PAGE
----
(My husband cracked up in telling me last month that while sleep talking with my eyes fully closed,  I said, "Hey do you want to see my melons."  He didn't realize that melon was actually a puerh form but I whipped them out for him to clear up any confusion.)

Because the heady fragrance of this tuo is so lovely- I shudder at the thought of this scent being contaminated with a shicang aroma.  I don't mind this tuo is never to age. I've easily gotten a thousand huffs out of this tuo and the fragrance alone makes this worth holding it young forever. 


  1. I'm going to guess the one on the right but I can't wait to hear your answer! I recently drank a 1970's sheng that was very, very, very smooth. It was a very special treat.

    1. Dear Steph,

      You are entirely right. You are onto me!


  2. The problem with tuos, along with tight compression, is they are wrapped in heavy paper and then packed into bamboo. Only an extremely hot and humid climate can possibly penetrate all that packaging, such as in Southeast Asia or maybe Florida. In my controlled puerh fridge, tuos are dry as a bone. The only way I can hope to age tuos is to remove the wrappers, put them in a smaller container that retains moisture and add heat. The problem is parting with the wrappers, I am far too attached to looking at the little wrapped buns. I need to ignore this sentimentality and do what needs to be done, a matter of courage at this point. Just love your articles, Hster, keep posting for us! :)

    1. Dear Cwyn,

      I like to undress my tuos and put them in more comfy pajamas so they can feel more casual. Factory tuos always come in such stiff attire.

      Chawangshop has some lovely handmade mulberry wrapper paper I highly recommend.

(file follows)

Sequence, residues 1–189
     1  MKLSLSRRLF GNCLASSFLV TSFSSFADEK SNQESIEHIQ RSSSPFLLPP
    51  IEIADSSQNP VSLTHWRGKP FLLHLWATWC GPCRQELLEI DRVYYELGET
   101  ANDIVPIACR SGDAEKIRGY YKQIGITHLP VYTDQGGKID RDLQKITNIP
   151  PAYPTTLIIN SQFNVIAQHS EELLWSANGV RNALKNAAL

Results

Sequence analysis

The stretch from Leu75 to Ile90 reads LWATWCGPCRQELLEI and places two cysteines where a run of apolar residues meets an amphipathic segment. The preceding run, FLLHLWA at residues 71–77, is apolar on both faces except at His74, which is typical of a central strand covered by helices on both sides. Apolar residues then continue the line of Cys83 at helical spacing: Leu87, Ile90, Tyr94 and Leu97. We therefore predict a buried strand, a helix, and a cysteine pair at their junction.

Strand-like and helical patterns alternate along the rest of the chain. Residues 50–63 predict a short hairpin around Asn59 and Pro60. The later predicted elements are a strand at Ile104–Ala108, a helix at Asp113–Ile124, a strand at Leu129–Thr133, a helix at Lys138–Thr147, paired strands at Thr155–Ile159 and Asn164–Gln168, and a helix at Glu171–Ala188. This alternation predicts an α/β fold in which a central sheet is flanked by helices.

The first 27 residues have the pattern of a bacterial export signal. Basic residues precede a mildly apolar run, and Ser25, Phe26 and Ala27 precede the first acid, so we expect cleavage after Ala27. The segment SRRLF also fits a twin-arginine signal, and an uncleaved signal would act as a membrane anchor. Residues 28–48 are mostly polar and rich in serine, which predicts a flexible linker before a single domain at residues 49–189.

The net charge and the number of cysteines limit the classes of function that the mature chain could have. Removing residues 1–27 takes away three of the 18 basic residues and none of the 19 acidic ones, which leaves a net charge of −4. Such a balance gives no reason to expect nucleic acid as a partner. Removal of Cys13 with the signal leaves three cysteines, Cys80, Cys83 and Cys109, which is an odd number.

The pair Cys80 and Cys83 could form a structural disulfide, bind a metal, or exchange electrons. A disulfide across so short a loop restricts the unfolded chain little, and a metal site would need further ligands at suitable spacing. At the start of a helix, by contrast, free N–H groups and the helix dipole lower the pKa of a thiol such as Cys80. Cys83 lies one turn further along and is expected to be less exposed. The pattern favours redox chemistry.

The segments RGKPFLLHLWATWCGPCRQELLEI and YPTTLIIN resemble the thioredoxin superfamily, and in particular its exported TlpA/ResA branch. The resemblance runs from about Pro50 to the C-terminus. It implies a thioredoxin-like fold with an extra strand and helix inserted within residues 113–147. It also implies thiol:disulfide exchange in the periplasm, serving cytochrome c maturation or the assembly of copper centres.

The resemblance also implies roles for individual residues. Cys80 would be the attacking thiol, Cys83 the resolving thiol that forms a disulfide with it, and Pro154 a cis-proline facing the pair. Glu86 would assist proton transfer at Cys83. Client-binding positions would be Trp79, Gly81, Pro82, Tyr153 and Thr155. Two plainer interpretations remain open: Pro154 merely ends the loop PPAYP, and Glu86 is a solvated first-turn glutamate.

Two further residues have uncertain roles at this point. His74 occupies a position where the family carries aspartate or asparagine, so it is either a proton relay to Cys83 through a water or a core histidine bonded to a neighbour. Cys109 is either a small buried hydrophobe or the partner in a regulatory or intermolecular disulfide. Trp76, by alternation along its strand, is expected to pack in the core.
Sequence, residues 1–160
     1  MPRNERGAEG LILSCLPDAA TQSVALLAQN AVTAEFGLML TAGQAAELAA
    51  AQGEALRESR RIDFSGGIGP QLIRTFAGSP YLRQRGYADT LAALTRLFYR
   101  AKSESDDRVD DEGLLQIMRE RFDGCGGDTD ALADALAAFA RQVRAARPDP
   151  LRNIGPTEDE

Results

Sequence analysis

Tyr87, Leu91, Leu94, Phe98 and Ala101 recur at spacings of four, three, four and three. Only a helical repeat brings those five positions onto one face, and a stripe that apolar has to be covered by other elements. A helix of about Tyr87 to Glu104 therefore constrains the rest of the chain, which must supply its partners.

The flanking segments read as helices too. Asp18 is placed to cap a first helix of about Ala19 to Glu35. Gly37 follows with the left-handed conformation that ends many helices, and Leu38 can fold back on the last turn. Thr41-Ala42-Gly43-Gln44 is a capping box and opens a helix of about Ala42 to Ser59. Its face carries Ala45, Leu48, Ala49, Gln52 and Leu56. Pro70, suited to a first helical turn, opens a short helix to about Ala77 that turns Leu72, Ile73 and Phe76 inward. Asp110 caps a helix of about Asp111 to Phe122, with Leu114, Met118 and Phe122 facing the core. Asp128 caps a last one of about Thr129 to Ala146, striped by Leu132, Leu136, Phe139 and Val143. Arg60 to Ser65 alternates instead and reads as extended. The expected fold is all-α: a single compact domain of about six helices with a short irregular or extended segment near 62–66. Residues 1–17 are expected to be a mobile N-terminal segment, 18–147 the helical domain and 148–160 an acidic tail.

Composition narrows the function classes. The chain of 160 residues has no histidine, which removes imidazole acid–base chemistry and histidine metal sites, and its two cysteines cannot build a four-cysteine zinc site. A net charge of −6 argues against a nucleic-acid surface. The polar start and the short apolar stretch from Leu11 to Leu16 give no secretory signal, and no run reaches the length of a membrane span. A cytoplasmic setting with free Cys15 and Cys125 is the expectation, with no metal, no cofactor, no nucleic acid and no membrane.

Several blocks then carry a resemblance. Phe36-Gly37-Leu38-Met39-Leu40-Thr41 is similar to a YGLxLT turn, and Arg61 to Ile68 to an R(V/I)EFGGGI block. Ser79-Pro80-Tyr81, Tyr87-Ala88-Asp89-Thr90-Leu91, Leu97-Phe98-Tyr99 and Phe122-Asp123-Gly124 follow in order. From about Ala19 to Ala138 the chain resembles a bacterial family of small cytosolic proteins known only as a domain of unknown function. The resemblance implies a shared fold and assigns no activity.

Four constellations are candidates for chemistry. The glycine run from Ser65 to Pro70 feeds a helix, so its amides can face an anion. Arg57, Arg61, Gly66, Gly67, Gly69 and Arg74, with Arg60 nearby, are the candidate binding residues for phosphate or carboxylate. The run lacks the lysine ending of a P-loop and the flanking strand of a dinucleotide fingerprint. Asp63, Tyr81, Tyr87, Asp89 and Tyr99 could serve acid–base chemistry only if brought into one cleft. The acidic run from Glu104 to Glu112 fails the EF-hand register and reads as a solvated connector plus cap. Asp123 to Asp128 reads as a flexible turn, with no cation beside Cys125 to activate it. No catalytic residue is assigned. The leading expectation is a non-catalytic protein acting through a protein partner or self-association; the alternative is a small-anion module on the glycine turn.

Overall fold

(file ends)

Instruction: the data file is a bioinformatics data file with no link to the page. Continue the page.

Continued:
p.s. Thank you for your support. I'm trying to figure out how to wind down this blog gracefully as I'm not sure how long I can go on and on about tea. I am more than happy to pass the memoir based tea blog mantle all to you.

    2. I'm pretty sure tuocha is compressed and packaged that way to endure the hot and humid climate of Hong Kong.

      I know a few vendors (who have their own pressings) would throw in some blank paper for free if you ask. Chawangshop seems to have a ton of miscellaneous teaware/accessories which is nice though.

    3. Oh Hster, I can understand the tedium of writing about tea, but updates on your collection are so interesting I beg you to continue those as you have done here in this post. Been reading your blog for a long time and over the years you have been one of the few people revisiting cakes you've had for some time, the storage updates are invaluable. Also I'm sure I speak for many readers also thinking of your health with regard to tea drinking, we have been with your health journey too. Please do drop us a line as often as you feel inspired to! :)

    4. My dear Cywn,

      My poor teas are drying away but not dying. Do you not lose hope to hear such news when Wisconsin is a colder and drier clime?

      I fear I'm a wet towel for those attempting natural home aging by buying newborn sheng. Of course if I had read a blog like mine 10 years ago, I probably would have disregarded it and bought my young sheng hoard anyway.